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Saturday, January 01, 2011

Intercounty Connector Air Study Wastes Maryland State Money

Although the Environmental Defense Fund (EDF) federal lawsuit failed to stop the Intercounty Connector (ICC) from being constructed on environmental grounds, the group did get a settlement agreement that requires the Maryland State Highway Administration to spend $2 million to monitor air quality near the Capital Beltway.  The agreement also included a provision to reduce diesel air pollution from Montgomery County school buses. 

The Center supported the ICC proposal and continues to support the project. The air monitoring requirement is a waste of money because the region is already required to monitor air quality.  The ICC will help move traffic in the Washington, DC region more efficiently and that will reduce air pollution.  Moreover, the ICC will help families spend more time together by reducing rush hour gridlock.  In fact, the Washington Metropolitan Area needs an outer beltway.  The Center supported the Woodrow Wilson Bridge replacement and the accompanying interchange improvements.  Those improvements, along with the Mixing Bowl development, will go far in easing congestion in the region, thus improving air quality.

We applaud the agreement requiring Maryland to spend $1 million to install exhaust filters on 70 diesel school buses.  Again, we wish the state has saved the $1 million to collect three years of data from a new air-quality monitor near the Beltway and Route 214 in Prince George's County. Although the results could determine how much people near highways are exposed to unhealthy particles and droplets of chemicals in vehicle emissions, such monitoring is already required.  And the region has bad air days according to requirements under the Clean Air Act. The filters, which cost $15,000 each, trap about 95 percent of a bus's pollution. Since newer buses arrived with filters built in and some older buses have been retrofitted,about 60 percent of Montgomery's fleet now has the filters.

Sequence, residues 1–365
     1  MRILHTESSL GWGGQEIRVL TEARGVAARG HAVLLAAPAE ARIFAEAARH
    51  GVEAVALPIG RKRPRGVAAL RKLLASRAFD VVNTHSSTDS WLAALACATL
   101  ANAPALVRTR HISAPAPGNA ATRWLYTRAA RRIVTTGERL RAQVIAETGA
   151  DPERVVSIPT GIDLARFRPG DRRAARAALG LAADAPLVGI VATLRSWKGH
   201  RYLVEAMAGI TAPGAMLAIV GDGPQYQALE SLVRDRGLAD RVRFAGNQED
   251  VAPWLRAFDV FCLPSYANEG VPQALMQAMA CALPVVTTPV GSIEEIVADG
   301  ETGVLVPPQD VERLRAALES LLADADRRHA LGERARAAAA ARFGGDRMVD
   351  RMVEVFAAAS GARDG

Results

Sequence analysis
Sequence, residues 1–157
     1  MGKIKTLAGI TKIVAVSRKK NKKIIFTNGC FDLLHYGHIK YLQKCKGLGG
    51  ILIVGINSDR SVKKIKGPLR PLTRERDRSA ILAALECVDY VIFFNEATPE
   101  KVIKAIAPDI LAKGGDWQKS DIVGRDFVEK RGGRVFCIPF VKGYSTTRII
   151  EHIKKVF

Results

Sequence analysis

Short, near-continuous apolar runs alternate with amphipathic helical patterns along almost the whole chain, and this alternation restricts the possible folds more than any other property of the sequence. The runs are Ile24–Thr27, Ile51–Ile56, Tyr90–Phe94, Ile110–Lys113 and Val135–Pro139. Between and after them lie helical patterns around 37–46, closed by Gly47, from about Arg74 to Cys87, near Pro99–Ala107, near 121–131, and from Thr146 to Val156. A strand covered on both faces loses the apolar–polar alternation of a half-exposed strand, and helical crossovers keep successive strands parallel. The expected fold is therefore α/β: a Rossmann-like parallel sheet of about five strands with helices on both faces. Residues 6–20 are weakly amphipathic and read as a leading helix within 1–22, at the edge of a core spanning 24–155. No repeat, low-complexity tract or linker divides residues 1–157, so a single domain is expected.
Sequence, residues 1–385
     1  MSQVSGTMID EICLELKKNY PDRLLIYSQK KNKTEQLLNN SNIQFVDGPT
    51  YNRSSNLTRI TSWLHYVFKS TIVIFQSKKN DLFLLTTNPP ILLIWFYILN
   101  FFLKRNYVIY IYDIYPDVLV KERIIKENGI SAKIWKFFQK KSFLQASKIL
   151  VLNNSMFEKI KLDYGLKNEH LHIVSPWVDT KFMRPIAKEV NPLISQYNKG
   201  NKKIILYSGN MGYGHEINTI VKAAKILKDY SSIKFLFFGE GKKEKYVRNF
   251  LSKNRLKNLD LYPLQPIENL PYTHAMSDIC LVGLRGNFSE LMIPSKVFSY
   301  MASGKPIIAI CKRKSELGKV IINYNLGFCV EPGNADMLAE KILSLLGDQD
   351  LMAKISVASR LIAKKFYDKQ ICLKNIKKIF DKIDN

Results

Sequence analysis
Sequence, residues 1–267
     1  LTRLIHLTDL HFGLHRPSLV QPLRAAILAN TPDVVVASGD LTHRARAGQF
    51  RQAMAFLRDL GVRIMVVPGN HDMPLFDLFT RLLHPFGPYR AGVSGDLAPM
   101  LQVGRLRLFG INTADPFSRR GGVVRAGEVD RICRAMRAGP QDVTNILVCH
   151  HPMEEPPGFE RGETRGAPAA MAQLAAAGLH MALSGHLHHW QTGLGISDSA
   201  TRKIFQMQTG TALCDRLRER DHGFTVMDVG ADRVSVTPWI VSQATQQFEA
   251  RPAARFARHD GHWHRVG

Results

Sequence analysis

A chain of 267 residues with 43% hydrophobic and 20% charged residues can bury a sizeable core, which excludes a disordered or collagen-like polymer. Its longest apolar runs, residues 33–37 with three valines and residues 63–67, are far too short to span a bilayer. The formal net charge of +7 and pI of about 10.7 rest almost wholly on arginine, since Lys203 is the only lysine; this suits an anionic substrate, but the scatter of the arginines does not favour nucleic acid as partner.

The $2 million is part of the ICC's $2.56 billion construction budget. The six-lane highway will connect the Interstate 270 corridor in Montgomery County with the Interstate 95 corridor in Laurel, in northwestern Prince George's County. (Wash Post, 1/1/2011)

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